Warren Buffet's just being reasonable. He's just stating that the people in our country who don't need so much money can pay down the deficit so our country can be strong and no longer live on the verge of economic collapse. Wouldn't that be wonderful, my billionaire friends? You wouldn't have to worry so much about having to move all your shit to Qatar when the United States falls like Rome.

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Friday, August 19, 2011

Virgin Housewife Tip: Big Feet Make Great Brooms

I have very big feet evidently. They don't seem that big to me. It's like I have the opposite of body dysmorphic disorder of the feet. But I must have big feet relative to my fellow Dos Equis. And by Dos Equis I don't mean the most interesting man in the world. I just mean double x's. I like the way dos equis sounds better than two exes. And I don't mean to exclude all non-speakers of Spanish. I feel like the last four sentences should be footnotes you should feel free to skim over and move on.

I wear a size 9 1/2 WW. Not XX. But for someone with two X chromosomes, a WW is really wide. Makes sense. I'm a pretty wide person. Wide hips. The whole "Your ancestors were peasants picking crops in the fields and not sitting on their asses on the computer all day" cankles. So it would probably look weird if I had "average" width feet. Like a sumo wrestler in ballet shoes.

It's a hassle to find shoes that I can wear all day without experiencing some sort of foot pain. I've found two styles that fit me best: Birkenstock Milanos and Ugg Wool Knit boots. And bare feet. One perk I had not thought of when deciding whether or not to go from full to part time at work is the ability to work braless and shoeless. No back pain. No foot pain.

So it's kind of a bummer to have enormously wide feet since it's so hard to find shoes that don't hurt me.

But I've finally found a benefit to my clownish feet. Tidying up Katie's room. Tidying is really not the right word. More like creating a path so I can walk to her bed without twisting my ankle or snapping a Littlest Pet Shop pet's head off with my step. I just take my big ass feet and shove the toys to the side. Using both feet, kinda like a soccer move, I get a mini workout from it too.

Weapons at School

My five year old daughter had to sign a form today indicating she is aware that she is not allowed to bring weapons to school. At first I was all beaming because my daughter was one of the children who could actually write her own name and not have Will or me do it for her. But then my paternal pride turned immediately to community depression when I realized how sick it is that the school has to make it clear that schools are no place for weapons, as if that's not common knowledge. School. Like where my sweet baby girl will be going soon. My innocent child who covers her ears and shuts her eyes tight when someone raises their voice to another in a cartoon on The Cotton Candy Network. My little girl who goes over to kids she doesn't know at the playground and calmly and gently asks them if they're ok when they fall off the equipment.

Is kindergarten going to turn her sweet soul into a jaded, world weary disappointed rambling nut? Like her mother? Can't she stay sweet and innocent and blissfully ignorant to the hard world a little longer?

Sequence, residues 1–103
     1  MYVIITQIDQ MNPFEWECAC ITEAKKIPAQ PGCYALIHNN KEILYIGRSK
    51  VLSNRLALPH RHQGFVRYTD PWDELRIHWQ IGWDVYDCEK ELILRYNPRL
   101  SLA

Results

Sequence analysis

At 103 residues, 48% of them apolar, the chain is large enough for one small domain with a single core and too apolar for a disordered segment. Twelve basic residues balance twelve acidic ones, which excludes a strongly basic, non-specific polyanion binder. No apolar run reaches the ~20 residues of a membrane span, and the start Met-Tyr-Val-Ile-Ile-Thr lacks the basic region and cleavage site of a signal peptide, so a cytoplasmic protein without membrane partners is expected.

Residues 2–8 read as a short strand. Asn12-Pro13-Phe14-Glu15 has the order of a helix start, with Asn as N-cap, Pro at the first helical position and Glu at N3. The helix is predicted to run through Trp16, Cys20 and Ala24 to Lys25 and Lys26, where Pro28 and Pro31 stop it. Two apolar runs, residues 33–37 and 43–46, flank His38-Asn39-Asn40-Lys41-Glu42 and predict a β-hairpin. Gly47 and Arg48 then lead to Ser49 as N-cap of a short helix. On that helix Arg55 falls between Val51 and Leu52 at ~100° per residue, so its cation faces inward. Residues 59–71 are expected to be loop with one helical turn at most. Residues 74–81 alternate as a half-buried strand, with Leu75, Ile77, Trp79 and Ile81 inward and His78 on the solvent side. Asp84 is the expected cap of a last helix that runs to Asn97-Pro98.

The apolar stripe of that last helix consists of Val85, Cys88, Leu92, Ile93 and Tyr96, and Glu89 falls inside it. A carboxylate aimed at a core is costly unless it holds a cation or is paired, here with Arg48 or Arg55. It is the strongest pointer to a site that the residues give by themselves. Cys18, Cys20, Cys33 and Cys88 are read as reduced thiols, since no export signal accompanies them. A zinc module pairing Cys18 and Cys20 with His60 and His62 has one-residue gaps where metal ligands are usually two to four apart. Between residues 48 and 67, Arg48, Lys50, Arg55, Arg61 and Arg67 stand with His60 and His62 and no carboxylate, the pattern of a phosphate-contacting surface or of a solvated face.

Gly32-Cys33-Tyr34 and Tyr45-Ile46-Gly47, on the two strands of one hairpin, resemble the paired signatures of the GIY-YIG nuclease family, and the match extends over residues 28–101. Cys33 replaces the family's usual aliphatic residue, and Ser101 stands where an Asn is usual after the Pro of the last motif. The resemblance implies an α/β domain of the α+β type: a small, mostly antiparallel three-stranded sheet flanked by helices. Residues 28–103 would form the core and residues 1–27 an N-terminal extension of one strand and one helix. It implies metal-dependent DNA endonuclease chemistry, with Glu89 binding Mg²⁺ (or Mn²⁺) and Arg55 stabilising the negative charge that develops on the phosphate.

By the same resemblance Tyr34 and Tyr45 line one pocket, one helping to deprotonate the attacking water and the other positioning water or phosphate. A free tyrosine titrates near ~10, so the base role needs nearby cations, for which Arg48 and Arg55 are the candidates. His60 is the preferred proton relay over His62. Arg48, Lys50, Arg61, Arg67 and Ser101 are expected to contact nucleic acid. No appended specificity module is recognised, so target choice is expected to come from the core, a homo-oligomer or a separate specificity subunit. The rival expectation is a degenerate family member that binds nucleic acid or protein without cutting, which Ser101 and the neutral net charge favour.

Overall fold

It's time to call in a refill for my clonazepam.

Thursday, August 18, 2011

Chain and Saw, Mr. Teeth and Ohie

Katie asked me tonight if she could play with her chalk outside. I said no, it was too dark. I came back a few minutes later and she had invented a game.

Me: "What's it called?"
Katie: "Chalk and a Saw"
Me: "Oh yeah, how do you play it?"
Katie: "You take Builder Smurf's saw and you saw through the chalk and make two sisters."
Me: "Two sisters?"
Katie: "Yep. Two sisters."
Me: "You mean like twins?"
Katie: "Yep."

So then she proceeded to "talk" for the sets of twin sister chalk and kept arranging them by height and then by color.

Don't you remember the days when you were a kid and you could have fun with virtually nothing? What was your favorite made up game you played when you were a kid?

I used to cut pieces of paper, making strips that went about half-way across. I called those strips teeth. The whole paper itself, after I cut the strips, was called "Mr. Teeth." I even had a song about teeth that I would sing while riding my Ohie rocking horse. But Mr. Teeth. Mmm. I remember riding in the back seat of my mom's 1976 Vega with black vinyl seats in the middle of summer with the windows rolled down and I didn't even notice how hot it was because I was laughing at Mr. Teeth's teeth blowing in the breeze as I held him out the window into the bright sun.

Comparison Parenting

Like the dutifully prepared mother I am, I was taking the school supplies out of the thin plastic sack gaudily displaying the store's name where my husband took Katie to buy them. I was transferring them into a proper reusable bag so Katie's teacher straight out knows her parents are good citizens. Crap! I'm doing that Comparison Parenting again. Stop it. I'm a good mom. I'm a good mom for Katie. Probably not for a normal kid, but my weirdo and I do just fine, thank you. I have no reason to compare myself to other parents at her school.

But it was while I was getting her things ready for kindergarten that I saw on the supply list it says all twenty-four pencils need to be sharpened.